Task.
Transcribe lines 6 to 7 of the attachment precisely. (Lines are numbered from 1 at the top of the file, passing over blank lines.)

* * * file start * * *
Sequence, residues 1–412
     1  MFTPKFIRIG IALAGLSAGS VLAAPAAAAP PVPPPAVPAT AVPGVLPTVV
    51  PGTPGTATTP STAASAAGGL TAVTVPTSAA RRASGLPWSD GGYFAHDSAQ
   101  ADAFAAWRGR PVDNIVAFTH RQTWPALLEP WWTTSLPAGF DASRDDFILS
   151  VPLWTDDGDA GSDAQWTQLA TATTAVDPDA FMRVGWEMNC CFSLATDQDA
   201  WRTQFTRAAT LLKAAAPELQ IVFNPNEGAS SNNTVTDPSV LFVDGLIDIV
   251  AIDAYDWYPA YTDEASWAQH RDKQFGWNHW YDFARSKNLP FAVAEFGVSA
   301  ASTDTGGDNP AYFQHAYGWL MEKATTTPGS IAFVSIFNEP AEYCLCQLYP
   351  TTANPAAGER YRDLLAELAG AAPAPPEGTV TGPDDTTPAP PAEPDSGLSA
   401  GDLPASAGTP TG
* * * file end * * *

   201  WRTQFTRAAT LLKAAAPELQ IVFNPNEGAS SNNTVTDPSV LFVDGLIDIV
   251  AIDAYDWYPA YTDEASWAQH RDKQFGWNHW YDFARSKNLP FAVAEFGVSA